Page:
Okay, Craft Beer Industry, we need to have a talk.
I’m never one to be a slave to trends, which explains a little about my ostracism in school, but I’ve noticed a new trend going on that we need to put a stop to right now.
Despite the trendiness, a lot of truly excellent brews appeared. That’s because a little roasted, malty flavor in an IPA can balance the high alpha acid bitterness of hops and create a very tasty, balanced little brew and give a style that’s been beaten to death a whole new life. It worked, is what I’m saying, and not just for one company. I haven’t yet tasted a bad black IPA, though according to the law of averages there must be at least one.
But here’s the thing. Just because something was a good idea and worked once doesn’t mean you can take the same idea and do it again in the opposite direction and have the same effect. Lightning might strike twice, but keep in mind that lightning striking is a very rare occurrence, and striking twice even more so. Sometimes, you’re just going to be standing in the rain with numb hands and a ruined kite.
With that, let’s talk about White IPAs. I’m not a fan of White Ales in general. The particular mix of that yeasty-wheatiness and coriander hits my stomach, which promptly responds with something I like the call the ‘Waiter, send it back!’ response. Tastewise, I guess there’s nothing wrong with a White Ale, and to date, the only one I’ve had that I was really able to enjoy was the Samuel Adams White Ale. But that’s because it was mild, skimped on the coriander, and didn’t try too hard. But combining a White Ale with the hop signature of an IPA sounds like a terrible idea, and in my opinion, really is a terrible idea.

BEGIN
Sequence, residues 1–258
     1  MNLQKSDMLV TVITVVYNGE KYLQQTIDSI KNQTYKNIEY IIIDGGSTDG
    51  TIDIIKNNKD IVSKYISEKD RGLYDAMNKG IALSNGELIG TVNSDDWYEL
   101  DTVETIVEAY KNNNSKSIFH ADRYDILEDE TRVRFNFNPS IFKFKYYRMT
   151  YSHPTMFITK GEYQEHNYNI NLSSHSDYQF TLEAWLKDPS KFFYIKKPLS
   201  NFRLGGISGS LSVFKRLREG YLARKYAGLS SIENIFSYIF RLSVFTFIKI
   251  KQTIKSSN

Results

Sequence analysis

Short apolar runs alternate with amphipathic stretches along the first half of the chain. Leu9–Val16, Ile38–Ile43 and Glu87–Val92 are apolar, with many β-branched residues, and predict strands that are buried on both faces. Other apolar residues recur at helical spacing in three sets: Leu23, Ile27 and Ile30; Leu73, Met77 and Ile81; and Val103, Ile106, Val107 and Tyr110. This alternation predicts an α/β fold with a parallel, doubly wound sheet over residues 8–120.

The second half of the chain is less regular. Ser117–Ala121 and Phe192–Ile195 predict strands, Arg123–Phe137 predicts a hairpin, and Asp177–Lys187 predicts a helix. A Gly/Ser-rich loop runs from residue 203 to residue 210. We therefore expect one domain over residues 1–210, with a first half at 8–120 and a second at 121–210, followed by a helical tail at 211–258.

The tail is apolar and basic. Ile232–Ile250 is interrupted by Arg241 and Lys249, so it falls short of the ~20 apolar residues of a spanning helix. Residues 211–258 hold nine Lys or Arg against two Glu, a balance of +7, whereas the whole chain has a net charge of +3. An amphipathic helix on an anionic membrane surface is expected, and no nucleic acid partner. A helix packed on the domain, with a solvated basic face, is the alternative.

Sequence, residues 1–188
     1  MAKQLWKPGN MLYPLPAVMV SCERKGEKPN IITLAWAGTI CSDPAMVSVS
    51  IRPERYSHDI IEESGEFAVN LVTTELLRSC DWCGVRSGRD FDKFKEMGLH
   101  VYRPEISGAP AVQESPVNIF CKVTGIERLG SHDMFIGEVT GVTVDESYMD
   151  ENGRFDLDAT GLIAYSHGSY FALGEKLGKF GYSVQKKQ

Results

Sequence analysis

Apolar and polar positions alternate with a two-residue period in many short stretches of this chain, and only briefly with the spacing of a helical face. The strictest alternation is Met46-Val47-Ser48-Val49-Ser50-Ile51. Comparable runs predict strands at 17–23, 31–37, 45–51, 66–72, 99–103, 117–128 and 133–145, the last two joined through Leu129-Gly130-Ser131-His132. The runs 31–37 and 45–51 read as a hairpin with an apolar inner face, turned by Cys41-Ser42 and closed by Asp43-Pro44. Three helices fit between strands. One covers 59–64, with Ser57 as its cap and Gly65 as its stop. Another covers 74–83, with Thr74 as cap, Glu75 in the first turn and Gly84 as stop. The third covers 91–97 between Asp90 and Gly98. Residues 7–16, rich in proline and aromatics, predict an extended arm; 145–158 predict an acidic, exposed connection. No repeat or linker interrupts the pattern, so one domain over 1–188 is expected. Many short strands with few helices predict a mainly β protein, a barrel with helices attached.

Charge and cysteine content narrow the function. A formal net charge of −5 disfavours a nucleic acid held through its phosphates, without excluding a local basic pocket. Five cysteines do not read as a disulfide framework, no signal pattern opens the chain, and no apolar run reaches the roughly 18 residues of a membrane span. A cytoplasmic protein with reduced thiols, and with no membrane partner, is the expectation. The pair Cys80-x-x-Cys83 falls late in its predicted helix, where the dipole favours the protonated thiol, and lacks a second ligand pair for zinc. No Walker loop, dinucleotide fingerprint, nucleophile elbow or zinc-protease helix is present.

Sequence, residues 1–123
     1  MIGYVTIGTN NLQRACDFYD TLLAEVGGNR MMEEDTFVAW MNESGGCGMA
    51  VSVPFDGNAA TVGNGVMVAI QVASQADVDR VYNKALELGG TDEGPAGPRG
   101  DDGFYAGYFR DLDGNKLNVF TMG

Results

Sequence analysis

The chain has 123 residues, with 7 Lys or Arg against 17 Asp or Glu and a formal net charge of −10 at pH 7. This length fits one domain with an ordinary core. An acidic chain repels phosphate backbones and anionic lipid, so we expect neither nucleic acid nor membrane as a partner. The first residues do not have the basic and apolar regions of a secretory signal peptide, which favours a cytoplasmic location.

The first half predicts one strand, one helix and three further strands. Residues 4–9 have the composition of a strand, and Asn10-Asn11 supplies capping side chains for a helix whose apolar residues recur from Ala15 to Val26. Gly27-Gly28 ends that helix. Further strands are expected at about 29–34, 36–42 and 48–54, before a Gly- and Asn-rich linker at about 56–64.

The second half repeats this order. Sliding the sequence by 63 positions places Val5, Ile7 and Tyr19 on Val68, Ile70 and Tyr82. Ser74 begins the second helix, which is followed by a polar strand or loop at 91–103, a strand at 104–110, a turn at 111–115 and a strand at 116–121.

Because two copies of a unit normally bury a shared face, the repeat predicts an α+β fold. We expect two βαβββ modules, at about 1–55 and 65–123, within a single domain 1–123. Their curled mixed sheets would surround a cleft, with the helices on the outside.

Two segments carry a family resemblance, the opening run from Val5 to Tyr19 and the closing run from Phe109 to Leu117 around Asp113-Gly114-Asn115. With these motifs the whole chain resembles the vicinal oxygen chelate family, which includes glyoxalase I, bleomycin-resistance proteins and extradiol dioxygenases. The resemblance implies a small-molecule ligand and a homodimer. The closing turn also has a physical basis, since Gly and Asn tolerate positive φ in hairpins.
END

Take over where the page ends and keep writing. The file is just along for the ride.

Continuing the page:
Taking a White Ale into the kind of alpha acid percentage that defines an IPA seems unnecessary. More to the point, it’s counterintuitive. Piney hop flavors will only serve to sour a White Ale’s natural sweet-tart sort of nature, citrus hops can enhance the flavors to a degree. The only way I can see it working is if you used very citrusy hops to give it a lemon-grapefruit flavor, which would eliminate the need for people to drop in slices of fruit to make a beer palatable. I’m looking at you, Blue Moon!
Floral hops would seem to be a more natural mix for this kind of beer, and giving a white ale the kind of hop signature of the infamous Flower Power could create a uniquely pleasurable flavor that might even turn White Ale detractors, like myself, around.
And let’s face it, White Ales are not big sellers. Aside from Blue Moon, and sometimes Hoegaarden, I’ve rarely seen a White Ale fly off the shelf with any kind of real momentum. Even the aforementioned Samuel Adams White Ale suffered from very cool sales until it was replaced by the significantly more popular Noble Pils as the Spring Seasonal a couple of years ago.
You might notice by now that I haven’t actually reviewed anything. That’s because I have to be perfectly honest here and say I haven’t tasted a single White IPA that I liked.
And yet, there’s a few out there, some from legitimately good breweries that should know better. But then again, this is all opinion. Maybe you love white ales and wish they had more hops in them. Maybe this is your holy grail of beer flavor and you’re reading this with half a mind to write an angry letter. Maybe you’ve already thrown this paper away without reading the entire article. First of all, don’t be wasteful, recycle this paper properly. Secondly, and I don’t want to come off sounding flippant, but what the hell?
BeerAdvocate scores some of these brews into the mid-eighties out of 100. So don’t take my opinion as gospel, I guess, but I just honestly did not enjoy any of the White IPA’s I’ve tried. I guess what we can take away from this is that beer nerds who like white ales will actually enjoy this brew, but if you’re not a fan of White Ales, just do like I will and hide in a basement with a keg and canned food until the whole terrible trend rolls past us like an eighteen wheeler on a rickety old country bridge, ignoring the noise with our fingers in our ears while sipping on bland amber ales until the sun rises again.